Would You Rather Have a Colostomy
Honestly. Would you rather have a colostomy bag attached to your abdomen to avoid pooping naturally?
Think about it. You wouldn’t have to “bear down” and strain yourself to get things moving (if you know what I mean). You’d bypass potential hemorrhoids and at times “painful gas”. Eventually you’d pass the lovely meal you had the night before right into the toilet.
Now a colostomybag would bypass all of the above. All you would need to do on a daily basis is: Clean the “stoma” (the hole in your abdomen to connect to your intestine), keep it free of infection, deodorize it, and change the bag of fecal material a few times a day. That’s it. No moaning, groaning, or waiting for nature to do it’s job – got no time for that.
Of course you wouldn’t want a colostomy! Nobody would – unless it were absolutely necessary for health reasons. The thing is eliminating “waste” from our body is a natural, normal, physical phenomena that your body just does – it knows how to do it.
There’s that phrase again “your body knows what to do”, right?
So, what the heck is going on with the increased rate of Cesarean births in the USA?
Recently MSN posted an article that 1 in 3 women will have a c-section! New Jersey was listed as one of highest rates with a few other states following.
A woman’s body (and if you’re pregnant reading this, your body) is physically, anatomically, and chemically designed to birth a baby. If that wasn’t true we would not be here.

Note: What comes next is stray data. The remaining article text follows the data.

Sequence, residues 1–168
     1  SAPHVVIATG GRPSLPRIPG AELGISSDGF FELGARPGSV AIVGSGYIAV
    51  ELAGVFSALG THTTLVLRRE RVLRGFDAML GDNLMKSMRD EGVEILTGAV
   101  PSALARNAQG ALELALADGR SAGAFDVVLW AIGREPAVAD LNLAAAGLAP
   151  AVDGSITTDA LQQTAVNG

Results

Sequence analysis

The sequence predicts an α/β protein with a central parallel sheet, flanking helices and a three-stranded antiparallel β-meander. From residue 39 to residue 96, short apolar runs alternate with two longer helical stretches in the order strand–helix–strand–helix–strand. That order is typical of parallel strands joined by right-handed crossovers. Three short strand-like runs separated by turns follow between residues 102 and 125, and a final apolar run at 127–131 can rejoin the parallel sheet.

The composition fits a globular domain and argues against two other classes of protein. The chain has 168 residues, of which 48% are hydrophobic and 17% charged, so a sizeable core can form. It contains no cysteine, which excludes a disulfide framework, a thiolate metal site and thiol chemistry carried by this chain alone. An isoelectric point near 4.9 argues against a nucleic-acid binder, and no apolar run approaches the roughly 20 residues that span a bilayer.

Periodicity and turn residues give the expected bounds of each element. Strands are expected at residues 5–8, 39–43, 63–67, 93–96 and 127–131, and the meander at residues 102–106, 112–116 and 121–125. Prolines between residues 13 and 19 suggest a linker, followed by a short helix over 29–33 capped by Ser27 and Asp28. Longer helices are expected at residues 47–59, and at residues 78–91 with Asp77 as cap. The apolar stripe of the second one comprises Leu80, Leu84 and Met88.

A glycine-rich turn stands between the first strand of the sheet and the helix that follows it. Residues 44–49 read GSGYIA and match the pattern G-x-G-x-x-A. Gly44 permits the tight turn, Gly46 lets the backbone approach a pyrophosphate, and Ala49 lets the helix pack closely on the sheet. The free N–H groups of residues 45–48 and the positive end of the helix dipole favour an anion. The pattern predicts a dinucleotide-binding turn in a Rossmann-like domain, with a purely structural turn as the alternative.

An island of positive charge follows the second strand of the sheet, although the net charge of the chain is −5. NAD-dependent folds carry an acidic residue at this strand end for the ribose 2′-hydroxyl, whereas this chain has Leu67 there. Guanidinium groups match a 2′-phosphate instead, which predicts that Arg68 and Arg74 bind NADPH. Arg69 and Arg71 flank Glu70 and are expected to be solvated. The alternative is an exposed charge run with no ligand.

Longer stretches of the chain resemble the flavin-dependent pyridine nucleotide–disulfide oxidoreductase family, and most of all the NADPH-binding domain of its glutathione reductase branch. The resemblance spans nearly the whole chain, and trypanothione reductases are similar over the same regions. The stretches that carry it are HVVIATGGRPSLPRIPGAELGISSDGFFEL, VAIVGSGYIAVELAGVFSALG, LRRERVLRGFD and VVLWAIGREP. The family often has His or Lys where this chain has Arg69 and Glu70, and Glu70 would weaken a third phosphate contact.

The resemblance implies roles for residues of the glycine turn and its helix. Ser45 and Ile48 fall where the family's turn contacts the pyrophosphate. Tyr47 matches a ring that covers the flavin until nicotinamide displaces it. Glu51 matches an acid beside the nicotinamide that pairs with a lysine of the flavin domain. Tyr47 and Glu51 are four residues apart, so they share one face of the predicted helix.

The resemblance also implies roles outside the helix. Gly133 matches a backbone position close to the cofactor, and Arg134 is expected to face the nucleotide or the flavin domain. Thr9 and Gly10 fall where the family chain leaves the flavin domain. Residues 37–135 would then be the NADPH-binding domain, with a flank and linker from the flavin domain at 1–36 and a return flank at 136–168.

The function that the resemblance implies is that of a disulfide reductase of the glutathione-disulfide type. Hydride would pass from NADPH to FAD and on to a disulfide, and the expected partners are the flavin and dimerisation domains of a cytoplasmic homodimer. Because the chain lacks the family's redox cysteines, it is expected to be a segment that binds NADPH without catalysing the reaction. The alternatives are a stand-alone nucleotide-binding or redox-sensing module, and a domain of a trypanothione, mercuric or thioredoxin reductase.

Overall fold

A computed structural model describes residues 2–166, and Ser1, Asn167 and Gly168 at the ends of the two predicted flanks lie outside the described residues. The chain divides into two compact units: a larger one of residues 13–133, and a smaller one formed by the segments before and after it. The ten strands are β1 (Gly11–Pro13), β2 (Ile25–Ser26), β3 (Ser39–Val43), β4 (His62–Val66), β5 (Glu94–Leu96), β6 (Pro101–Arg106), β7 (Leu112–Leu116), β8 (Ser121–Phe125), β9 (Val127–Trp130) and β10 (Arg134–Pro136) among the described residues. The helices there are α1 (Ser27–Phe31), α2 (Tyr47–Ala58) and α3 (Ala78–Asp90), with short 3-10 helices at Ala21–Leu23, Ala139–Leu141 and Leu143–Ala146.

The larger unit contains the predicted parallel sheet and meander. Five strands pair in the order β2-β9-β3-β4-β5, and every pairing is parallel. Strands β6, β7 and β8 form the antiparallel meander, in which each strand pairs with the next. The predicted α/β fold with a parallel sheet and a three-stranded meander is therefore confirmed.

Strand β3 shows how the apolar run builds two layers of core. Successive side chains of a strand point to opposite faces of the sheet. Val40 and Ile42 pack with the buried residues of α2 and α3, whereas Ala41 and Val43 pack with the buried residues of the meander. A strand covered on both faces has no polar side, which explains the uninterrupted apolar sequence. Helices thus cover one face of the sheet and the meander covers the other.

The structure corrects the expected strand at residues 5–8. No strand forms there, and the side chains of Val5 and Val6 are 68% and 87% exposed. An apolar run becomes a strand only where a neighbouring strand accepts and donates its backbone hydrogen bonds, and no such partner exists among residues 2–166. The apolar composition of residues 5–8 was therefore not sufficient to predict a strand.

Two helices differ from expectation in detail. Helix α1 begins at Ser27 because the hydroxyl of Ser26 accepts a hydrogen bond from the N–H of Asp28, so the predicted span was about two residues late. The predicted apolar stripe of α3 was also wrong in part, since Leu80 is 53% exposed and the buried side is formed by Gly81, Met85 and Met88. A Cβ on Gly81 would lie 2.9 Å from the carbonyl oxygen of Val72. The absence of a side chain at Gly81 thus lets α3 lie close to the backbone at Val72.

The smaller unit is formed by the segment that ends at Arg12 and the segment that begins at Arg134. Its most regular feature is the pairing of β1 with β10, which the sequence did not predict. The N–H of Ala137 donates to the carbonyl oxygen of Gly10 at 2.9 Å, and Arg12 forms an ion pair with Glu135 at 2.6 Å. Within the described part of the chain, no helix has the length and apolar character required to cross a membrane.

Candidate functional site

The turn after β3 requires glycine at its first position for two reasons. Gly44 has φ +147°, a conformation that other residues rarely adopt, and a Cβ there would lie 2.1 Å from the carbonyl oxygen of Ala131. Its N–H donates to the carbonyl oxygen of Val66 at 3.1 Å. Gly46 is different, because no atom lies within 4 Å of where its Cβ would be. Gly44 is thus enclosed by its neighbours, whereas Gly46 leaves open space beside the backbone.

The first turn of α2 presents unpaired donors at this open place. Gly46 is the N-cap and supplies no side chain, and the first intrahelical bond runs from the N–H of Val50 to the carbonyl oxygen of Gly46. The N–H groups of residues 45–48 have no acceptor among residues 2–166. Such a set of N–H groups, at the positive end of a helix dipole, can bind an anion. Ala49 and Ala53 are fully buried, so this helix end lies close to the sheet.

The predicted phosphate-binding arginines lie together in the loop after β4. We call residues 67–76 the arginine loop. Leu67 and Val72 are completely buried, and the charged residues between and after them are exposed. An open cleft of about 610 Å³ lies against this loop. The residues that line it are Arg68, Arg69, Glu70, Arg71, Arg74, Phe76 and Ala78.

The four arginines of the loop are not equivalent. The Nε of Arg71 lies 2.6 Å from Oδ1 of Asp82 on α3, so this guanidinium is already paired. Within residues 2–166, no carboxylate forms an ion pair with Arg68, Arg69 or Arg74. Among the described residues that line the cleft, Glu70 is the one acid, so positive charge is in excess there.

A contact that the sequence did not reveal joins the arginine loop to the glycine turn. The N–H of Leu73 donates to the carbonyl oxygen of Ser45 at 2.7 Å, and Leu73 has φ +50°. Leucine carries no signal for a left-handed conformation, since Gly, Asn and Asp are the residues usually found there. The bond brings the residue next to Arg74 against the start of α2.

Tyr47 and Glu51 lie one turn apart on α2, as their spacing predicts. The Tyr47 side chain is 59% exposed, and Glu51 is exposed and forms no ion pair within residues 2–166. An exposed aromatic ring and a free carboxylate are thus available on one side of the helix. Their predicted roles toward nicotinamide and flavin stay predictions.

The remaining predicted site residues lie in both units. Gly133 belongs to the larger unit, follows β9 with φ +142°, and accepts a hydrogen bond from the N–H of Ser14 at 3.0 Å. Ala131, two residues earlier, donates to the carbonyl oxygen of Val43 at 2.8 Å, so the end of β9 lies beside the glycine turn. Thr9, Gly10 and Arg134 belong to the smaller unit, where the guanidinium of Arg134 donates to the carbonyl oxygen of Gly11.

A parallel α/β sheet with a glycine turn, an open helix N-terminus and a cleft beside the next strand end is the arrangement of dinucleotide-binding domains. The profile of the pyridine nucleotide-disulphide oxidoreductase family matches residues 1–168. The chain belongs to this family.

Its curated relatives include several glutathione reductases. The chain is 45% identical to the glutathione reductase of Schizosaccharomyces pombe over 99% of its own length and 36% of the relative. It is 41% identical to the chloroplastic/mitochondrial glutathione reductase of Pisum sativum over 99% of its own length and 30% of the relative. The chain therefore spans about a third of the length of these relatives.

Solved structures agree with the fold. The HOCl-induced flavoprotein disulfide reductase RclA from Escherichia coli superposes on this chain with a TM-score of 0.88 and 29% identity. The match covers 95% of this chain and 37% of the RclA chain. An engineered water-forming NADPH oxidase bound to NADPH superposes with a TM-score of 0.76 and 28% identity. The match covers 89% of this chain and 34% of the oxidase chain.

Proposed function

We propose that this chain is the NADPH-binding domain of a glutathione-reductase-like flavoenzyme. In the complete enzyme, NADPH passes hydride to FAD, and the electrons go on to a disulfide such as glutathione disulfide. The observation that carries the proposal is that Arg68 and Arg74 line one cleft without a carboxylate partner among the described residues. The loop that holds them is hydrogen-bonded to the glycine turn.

It’s only in the past 100 years that childbirth has changed from a normal, everyday life event to a medical one needing surgery.
Most women are not getting the facts about surgical births and the risks. One you don’t often hear about is pulmonary embolism. In a study published in the American Journal of Obstetrics and Gynecology:
We conducted an evidence-based review of information about amniotic fluid embolism (AFE). The estimated incidence of AFE is 1:15,200 and 1:53,800 deliveries in North America and Europe, respectively. The case fatality rate and perinatal mortality associated with AFE are 13-30% and 9-44%, respectively. Risk factors associated with an increased risk of AFE include advanced maternal age, placental abnormalities, operative deliveries, eclampsia, polyhydramnios, cervical lacerations, and uterine rupture. The hemodynamic response in AFE is biphasic, with initial pulmonary hypertension and right ventricular failure, followed by left ventricular failure. Promising therapies include selective pulmonary vasodilators and recombinant activated factor VIIa. Important topics for future research are presented.
An embolism is amniotic fluid, or a blood clot that travels to the lungs and causes cardiac arrest by blocking blood flow (oxygen) to the lungs. It can cause death. Women who are inactive during pregnancy and sit for long periods of time are at risk for developing Deep Vein Thrombosis (DVT) in the legs. Clots can form from “pooled” blood, break off, and travel to the lungs. That’s why exercise is a very good thing to do while pregnant.
Cesarean sections are serious and should not be taken lightly. They are appropriate for emergencies or if there’s an anatomical and physiological reason that would warrant one.
There is a growing misconception that having a Cesarean is an “easier” way to birth a baby. Let’s think about this – who is it easier for? The new mother?
Something to think about.